I Tried Dating Two Men At The Same Time — This is The Unsurprising Truth of What Happened
One millennial woman, two millennial men, and three baffled minds
When I met Angelo, I quickly realized we had very little in common.
At the time, I had been talking briefly with another man, Eric, for about a week. We enjoyed the same films, had easygoing, lively conversation, and generally had a shared interest in one another.
However, I didn’t initially get the impression that Eric was looking for something serious, as we didn’t talk all that regularly and he had never asked me out on a date. It was harmless, yet still a little exciting.
When Angelo suddenly entered the picture, it was clear we shared an instant physical attraction. It was hard to make conversation outside of having a few drinks, and wedding bells existed in an altogether different universe than the one we shared. Still, we were curious about each other.
One night, Angelo and I were with a group. I hadn’t spoken to Eric at all that day, and he was barely in my mind as I flirted incessantly with Angelo. Several hours into the night, we ended up in my bedroom. We had fun, casual sex. The next morning, we smiled and said goodbye.
I continued to see Angelo and saw Eric a few times in between. Eric still hadn’t asked me out or made any kind of verbal indication that he wanted us to be monogamous.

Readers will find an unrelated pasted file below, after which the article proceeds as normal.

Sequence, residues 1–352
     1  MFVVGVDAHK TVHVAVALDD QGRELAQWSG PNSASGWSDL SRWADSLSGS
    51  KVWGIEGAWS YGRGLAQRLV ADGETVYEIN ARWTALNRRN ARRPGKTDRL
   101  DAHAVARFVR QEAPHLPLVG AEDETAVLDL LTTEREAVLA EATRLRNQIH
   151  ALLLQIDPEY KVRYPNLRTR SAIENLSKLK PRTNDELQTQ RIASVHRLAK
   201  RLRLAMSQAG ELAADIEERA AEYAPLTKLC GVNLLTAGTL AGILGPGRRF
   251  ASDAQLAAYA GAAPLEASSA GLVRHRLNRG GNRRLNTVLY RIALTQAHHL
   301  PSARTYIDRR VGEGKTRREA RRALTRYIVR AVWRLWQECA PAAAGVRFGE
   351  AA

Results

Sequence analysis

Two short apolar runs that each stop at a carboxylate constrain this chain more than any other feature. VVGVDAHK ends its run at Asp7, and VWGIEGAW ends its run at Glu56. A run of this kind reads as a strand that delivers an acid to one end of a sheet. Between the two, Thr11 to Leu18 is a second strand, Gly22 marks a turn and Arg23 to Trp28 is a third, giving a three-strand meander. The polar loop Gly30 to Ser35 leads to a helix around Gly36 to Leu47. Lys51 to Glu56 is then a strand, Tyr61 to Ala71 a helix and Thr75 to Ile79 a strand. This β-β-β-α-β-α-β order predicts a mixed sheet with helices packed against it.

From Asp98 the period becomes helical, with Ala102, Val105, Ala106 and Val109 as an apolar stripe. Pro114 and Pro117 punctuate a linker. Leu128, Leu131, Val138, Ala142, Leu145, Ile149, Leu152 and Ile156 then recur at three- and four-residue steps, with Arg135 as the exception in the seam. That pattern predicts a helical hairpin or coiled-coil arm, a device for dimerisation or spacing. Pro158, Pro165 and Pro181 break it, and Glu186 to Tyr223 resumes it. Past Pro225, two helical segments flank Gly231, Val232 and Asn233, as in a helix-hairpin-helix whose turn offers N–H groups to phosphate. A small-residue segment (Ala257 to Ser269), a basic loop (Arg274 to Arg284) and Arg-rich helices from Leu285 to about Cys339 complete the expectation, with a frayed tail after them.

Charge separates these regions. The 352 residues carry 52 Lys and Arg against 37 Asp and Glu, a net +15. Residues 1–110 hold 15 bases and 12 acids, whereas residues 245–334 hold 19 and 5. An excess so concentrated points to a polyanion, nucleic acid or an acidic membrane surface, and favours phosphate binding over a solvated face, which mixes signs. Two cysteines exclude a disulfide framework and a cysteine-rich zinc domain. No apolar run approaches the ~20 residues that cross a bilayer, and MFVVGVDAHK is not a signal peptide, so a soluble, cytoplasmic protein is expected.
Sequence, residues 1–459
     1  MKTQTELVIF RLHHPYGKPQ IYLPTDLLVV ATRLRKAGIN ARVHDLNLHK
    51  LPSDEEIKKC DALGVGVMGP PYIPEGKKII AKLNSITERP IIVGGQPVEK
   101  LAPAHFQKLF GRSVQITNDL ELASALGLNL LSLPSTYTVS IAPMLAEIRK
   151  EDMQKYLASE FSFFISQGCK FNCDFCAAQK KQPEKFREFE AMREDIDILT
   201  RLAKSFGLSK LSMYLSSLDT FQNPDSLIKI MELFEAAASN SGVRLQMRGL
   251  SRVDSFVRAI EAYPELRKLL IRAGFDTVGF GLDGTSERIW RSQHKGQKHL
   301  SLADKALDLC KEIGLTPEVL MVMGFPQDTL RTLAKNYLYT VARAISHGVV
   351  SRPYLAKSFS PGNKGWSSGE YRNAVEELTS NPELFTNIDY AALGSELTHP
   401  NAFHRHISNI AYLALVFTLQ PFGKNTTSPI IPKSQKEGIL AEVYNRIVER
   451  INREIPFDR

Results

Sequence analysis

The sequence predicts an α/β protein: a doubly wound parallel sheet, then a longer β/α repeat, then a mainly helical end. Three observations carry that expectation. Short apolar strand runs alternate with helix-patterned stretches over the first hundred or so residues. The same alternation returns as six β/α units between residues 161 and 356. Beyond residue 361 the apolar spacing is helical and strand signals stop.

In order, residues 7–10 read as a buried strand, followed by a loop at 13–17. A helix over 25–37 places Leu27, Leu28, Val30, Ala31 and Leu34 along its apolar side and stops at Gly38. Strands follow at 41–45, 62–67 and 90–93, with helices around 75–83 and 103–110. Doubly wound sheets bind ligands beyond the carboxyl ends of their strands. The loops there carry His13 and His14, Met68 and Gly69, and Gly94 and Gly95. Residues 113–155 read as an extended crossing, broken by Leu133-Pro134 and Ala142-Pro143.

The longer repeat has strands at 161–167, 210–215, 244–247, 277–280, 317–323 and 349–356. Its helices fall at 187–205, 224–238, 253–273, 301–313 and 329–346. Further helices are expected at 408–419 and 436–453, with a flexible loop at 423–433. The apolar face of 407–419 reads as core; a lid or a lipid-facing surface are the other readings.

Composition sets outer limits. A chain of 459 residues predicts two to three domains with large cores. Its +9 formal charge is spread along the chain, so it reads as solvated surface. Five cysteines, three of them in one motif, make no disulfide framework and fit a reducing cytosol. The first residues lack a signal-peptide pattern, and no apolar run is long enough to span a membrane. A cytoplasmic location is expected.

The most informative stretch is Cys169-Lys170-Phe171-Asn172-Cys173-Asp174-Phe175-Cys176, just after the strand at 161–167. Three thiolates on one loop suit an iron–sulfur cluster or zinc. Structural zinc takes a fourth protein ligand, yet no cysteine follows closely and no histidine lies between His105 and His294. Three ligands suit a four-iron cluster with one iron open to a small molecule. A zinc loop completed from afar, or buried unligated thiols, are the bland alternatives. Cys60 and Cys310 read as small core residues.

Truthfully, I couldn’t tell if he was really all that interested in me. We didn’t have sex, and we hadn’t even kissed. Mostly, I just wanted to see where it could go (while still privately having fun with Angelo, who knew my intentions with Eric).
One night, when Eric was over, a text popped up from Angelo. Eric side-eyed my phone, then crossed his arms.
“So it’s true,” he’d said, his mouth a razor-straight line.
“What is?” I asked, oblivious.
“That you’re seeing Angelo,” he offered, his voice low. I hadn’t known Eric really even knew Angelo, though we did travel in similar circles.
“Oh,” I laughed, “Only sort of. It’s just casual. If you and I were to ever start dating, I have no intention of continuing to see him,” I explained, calmly.
Eric was silent.
“Is that…a problem for you?” I asked, leaning forward.
“I just don’t think I like you as much anymore,” he uttered.
“You’ve… been with him. I don’t like you anymore.”
After a few more sentences uttered back and forth, Eric left.
I was stunned.
The Wretched Curse of the Double Standard
I had never been really seeing two people at once before and figured all parties involved didn’t have that much skin in the game. If Eric wanted to get serious, I’d stop seeing Angelo. Simple as that.
Angelo knew I was interested in Eric, and it wasn’t Eric’s business who I was sleeping with. I never intended on sleeping with them at the same time, and Eric hardly made it clear he wanted to date rather than double down on what Angelo and I had been doing.
From a young age, promiscuous men are celebrated in society. In films, books, all kinds of media — to be a promiscuous man means to be attractive, desirable, and “hard to catch.”